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I need to update my android application in the market to next version.next version i need to update the sqlite DB without losing the exsiting data.

In version one i did not create the tables in runtime instead get the database file from the "assets" folder and copies into the system database path of my application. Refer to this link http://www.reigndesign.com/blog/using-your-own-sqlite-database-in-android-applications/

next version of my app i have modify the exsting table columns and add extra records and there are few new tables as well.I have updated the data base and copied to asset folder.

This will work for users who buy the app for first time,but not for existing users,my question is how can i update the version one users data base without losing existing data

Sam.

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4 Answers

   @Override
    public void onUpgrade(SQLiteDatabase db, int oldVersion, 
    int newVersion) 
    {
        Log.w(TAG, "Upgrading database from version " + oldVersion 
                + " to "
                + newVersion + ", which will destroy all old data");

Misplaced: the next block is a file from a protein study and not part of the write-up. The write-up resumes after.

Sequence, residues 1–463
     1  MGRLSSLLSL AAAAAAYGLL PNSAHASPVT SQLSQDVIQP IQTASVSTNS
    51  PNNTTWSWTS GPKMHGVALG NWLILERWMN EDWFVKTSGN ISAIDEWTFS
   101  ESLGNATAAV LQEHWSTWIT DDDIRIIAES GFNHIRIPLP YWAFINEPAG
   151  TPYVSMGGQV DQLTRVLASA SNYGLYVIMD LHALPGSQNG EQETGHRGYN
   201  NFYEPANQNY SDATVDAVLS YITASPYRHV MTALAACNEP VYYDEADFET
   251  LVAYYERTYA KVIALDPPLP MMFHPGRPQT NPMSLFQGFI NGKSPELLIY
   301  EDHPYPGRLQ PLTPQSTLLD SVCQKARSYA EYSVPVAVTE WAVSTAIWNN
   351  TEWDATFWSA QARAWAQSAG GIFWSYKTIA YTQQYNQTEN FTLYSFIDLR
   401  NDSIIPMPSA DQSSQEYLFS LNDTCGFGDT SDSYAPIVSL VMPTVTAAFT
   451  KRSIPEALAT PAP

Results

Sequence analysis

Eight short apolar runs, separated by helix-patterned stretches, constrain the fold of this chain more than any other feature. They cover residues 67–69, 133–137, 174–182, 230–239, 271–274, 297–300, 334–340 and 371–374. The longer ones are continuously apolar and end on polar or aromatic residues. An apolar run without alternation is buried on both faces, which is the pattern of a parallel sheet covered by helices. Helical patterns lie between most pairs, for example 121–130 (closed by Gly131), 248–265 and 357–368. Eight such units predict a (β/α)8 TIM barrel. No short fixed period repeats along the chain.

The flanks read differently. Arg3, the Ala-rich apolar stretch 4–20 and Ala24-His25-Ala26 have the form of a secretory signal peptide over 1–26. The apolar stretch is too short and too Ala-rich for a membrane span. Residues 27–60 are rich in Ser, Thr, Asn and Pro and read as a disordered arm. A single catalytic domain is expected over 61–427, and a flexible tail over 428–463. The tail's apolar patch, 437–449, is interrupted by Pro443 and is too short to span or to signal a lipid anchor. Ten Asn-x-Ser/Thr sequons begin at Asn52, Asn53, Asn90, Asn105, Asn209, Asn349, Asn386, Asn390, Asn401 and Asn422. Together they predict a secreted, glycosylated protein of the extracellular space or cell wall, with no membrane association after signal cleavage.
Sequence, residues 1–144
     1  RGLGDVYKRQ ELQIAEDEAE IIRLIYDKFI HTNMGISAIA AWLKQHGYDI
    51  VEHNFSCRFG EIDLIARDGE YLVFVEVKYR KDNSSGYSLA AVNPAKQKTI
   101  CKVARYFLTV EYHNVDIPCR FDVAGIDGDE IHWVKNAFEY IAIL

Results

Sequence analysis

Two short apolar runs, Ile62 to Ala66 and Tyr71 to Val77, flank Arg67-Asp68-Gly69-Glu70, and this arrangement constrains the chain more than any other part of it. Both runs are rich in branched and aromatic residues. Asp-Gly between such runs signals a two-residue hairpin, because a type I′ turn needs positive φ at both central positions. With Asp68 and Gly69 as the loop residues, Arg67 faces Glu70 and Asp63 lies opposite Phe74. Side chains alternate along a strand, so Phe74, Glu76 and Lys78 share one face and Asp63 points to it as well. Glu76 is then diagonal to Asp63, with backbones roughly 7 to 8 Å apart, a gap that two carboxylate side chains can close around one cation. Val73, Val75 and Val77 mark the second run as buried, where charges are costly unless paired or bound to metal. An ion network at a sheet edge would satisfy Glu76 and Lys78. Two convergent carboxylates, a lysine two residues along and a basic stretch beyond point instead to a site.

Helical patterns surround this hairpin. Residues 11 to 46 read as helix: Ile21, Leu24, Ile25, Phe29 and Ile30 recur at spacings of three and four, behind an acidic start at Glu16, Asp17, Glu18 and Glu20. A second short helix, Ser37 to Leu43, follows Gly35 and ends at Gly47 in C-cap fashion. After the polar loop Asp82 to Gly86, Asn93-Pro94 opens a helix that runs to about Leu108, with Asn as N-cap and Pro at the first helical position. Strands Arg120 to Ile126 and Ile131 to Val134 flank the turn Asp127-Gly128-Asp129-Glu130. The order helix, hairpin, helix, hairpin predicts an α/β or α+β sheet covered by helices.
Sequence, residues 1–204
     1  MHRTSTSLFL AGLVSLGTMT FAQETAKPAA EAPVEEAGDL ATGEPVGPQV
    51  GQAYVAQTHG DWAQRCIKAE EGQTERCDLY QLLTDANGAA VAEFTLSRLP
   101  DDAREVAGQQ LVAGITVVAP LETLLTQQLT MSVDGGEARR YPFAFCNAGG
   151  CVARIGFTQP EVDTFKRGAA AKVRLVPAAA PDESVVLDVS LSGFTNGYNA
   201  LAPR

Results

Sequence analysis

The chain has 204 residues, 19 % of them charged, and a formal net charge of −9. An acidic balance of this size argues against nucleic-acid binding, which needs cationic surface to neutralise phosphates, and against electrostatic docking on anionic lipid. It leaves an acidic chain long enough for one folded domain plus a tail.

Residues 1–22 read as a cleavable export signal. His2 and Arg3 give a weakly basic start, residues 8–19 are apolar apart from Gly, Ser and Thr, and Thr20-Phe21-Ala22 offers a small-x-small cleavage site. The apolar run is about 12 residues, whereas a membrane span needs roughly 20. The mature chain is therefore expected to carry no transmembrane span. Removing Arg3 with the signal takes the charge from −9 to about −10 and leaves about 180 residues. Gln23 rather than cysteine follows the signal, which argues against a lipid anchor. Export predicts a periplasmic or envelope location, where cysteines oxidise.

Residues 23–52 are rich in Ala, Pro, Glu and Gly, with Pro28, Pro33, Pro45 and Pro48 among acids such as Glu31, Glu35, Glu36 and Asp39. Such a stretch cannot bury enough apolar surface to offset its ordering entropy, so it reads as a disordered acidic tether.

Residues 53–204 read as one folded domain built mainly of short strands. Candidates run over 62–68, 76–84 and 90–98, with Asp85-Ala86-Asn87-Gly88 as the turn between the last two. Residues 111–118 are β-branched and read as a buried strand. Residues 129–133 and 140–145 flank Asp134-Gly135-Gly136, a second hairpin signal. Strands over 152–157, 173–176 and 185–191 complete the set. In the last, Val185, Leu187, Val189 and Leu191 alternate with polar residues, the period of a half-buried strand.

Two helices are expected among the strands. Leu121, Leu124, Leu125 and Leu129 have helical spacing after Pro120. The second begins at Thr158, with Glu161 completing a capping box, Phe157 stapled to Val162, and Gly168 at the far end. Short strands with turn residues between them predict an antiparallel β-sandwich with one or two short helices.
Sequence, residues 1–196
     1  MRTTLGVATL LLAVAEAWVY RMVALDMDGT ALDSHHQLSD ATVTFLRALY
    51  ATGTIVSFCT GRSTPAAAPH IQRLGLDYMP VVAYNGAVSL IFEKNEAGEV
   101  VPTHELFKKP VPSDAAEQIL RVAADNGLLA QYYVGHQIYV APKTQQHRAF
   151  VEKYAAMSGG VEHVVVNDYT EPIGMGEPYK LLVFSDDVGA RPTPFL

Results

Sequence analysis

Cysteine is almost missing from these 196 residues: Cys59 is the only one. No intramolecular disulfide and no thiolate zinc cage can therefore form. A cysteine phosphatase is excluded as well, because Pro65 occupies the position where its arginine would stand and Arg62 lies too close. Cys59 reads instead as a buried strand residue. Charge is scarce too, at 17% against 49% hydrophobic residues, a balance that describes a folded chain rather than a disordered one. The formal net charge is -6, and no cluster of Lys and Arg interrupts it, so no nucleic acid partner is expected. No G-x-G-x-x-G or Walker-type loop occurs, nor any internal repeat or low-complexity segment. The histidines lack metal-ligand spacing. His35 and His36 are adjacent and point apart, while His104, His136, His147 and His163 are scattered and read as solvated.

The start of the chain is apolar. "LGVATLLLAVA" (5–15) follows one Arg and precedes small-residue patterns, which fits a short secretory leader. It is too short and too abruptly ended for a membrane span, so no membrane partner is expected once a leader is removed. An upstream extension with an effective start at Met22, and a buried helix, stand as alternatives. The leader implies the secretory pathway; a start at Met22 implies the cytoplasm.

if(oldVersion == 2 && newVersion == 3)
        {
            db.execSQL("ALTER TABLE xyz ADD bobby int default 0");    
        }
        else
        {
            db.execSQL("DROP TABLE IF EXISTS xyz");
            onCreate(db);
        }
    }
}    
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Prepare sql query to upgrade database. If database exists then perform updating else copy database from assets.

In tutorial that you provided is such code:

    if(dbExist){
        //do nothing - database already exist
    }else{

In place where is //do nothing - database already exist put your upgrading code.

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so i don't want to update the version number and leave the onUpgrade method as it is? –  Sam Jul 14 '11 at 15:58
    
You could use onUpgrade but you don't need to. In the tutorial that you were based, there are empty onUpgrade and onCreate methods. But I think it would be better to implement onCreate and onUpdate when you think about upgrading database in future. If so, then refactor your code to use these methods and set db version after creation: SQLiteDatabase.setVersion(int). When you have db version you can benefit from onUpgrade. –  pawelzieba Jul 15 '11 at 7:49
    
this is what i going to do please corret me if i wrong : copying the new data base to asset folder so those who get the app for the first time they have latest DB, and i will add a separate method if the DB is exist and the new version number is 2 i will execute alter table and insert record statmens.. –  Sam Jul 16 '11 at 7:39
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You could try a patch-like solution I describe in this blog post. It will aid with incremental upgrading and will continue to scale as you build more and more versions.